Semantic web services are to the semantic web what current-day web services are to the web, as we know it now. Tim Berners-Lee, Jim Hendler, and Ora Lassila's vision of the semantic web (Berners-Lee, Hendler, and Lassila 2001) was of a future web populated by pages enriched by their association with sharable semantic representations, which describe both content and, in the case of services, functionality. Semantic web services will publish machine-interpretable descriptions of their capabilities and interaction models so other software agents can find and use them without prior built-in knowledge about how to call their application program interfaces (APIs). They will soon support the development of personal software agents or semantic web clients for such things as comparative shopping, information discovery and travel planning, and compositions of those services. Less glamorously, but perhaps more importantly, these techniques may soon enable business-to-business interactions that are more dynamic, support semiautomated service composition on the scientific computing grid, and enable mobile, wireless devices to interact seamlessly with the services discovered as they move about.
To fulfill these promises, published semantic service descriptions must be used in a variety of ways. Services will be discovered by agents matching a client's service requirements against service capabilities. Clients will invoke services by deducing from their descriptions the content of the messages required to request those services and interpret their responses, which may range from straightforward acknowledgements to indications of failure to requests for additional information. Finally, by using these descriptions of each service's effects and usage constraints, agents may compose multiple services, roughly the way classical AI planners use planning operators. We use the word agent for these clients to emphasize the goal of giving them the ability to reason about the services they deal with.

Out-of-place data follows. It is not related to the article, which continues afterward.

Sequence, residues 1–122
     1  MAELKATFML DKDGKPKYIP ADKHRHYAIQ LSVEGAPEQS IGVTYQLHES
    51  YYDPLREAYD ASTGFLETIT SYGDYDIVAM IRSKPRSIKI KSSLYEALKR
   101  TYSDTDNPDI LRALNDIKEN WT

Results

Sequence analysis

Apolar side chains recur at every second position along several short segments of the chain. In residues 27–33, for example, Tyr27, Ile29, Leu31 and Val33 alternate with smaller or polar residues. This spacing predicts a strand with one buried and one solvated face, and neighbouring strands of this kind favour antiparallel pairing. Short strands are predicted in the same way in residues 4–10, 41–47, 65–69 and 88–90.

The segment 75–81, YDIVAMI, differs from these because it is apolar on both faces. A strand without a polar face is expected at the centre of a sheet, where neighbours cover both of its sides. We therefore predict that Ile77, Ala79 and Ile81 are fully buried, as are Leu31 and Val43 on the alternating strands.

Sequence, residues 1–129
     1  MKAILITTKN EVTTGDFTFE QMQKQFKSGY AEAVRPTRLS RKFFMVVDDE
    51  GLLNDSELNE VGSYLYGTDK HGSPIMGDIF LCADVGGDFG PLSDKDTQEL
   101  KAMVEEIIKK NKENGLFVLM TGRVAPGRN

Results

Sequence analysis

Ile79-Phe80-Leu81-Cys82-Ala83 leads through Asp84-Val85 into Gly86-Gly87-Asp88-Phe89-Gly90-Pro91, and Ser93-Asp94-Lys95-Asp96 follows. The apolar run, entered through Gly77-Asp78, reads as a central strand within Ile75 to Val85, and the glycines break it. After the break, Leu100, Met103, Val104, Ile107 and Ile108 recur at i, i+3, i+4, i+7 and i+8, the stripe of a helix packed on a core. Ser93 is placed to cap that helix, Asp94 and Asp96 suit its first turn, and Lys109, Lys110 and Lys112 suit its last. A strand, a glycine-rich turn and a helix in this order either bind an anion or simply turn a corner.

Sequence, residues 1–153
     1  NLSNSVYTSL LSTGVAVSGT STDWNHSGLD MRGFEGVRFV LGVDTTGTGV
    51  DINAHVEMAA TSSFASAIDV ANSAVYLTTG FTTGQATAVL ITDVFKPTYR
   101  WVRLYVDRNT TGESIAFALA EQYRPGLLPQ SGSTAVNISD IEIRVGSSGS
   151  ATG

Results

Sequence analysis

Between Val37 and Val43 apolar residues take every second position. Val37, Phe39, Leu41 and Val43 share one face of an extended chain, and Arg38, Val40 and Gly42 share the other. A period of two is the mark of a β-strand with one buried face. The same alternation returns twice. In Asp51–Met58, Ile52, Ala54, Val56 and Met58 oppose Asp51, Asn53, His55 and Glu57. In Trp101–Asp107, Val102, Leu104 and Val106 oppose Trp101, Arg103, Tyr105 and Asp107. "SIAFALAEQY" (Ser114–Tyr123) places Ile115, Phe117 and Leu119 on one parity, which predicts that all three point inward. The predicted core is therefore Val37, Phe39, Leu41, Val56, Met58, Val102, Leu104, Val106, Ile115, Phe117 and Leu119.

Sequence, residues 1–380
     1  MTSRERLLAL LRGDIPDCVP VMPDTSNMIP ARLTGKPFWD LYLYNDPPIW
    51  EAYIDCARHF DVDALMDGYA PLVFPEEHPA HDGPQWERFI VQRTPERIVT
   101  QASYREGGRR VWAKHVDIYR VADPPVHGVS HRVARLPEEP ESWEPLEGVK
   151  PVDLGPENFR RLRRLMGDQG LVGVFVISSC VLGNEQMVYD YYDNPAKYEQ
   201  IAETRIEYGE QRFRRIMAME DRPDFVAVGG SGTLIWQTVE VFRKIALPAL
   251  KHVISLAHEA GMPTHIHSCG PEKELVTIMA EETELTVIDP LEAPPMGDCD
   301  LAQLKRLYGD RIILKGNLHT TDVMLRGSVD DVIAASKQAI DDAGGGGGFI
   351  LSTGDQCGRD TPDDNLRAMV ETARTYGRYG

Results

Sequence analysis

Internally, semantic web service clients must be able to determine when to outsource an internal goal or function to a remote service, select among some suggested candidate services, and reason about how to interact with the selected service based on the service's published description and the clients' own internal goals and knowledge. This includes decisions about how to provide ancillary information the services may require (such as credit information, access certificates, and so on). Since services may require extended interactions, service descriptions may include interaction protocols that these clients must be able to follow. A noteworthy example is failure-recovery procedures.
A number of auxiliary semantic web agents can help in achieving these aims. Semantic matchmakers (Paolucci et al. 2002a) that act like web search engines or intelligent universal description, discovery, and integration (UDDI) (1) web service registries may assist with automated service discovery by cataloging and recommending services to clients. Authentication and policy authorization services may assist both clients and servers to know who they are, and what kinds of interactions they can have. Ontology and mapping registries may help to ensure that agents have consistent and complete sets of concepts, relations, and rules for service-related reasoning.
Semantic service descriptions are developed using a mix of domain ontologies and shared, general-purpose ontologies, such as those defining the structures for representing service capabilities. OWL-S, (2) formerly DAML-S (Ankolenkar et al. 2002), is a semantic web ontology developed by a group of researchers in the Defense Advanced Research Projects Agency's (DARPA) DARPA Agent Markup Language (DAML) program to address these latter, structural aspects of service descriptions. The World Wide Web Consortium (W3C) has formally recommended the Resource Description Framework (RDF) (Lassila and Swick 1999) for building web-compatible structured semantic descriptions and the Ontology Web Language (OWL) (Dean et al. …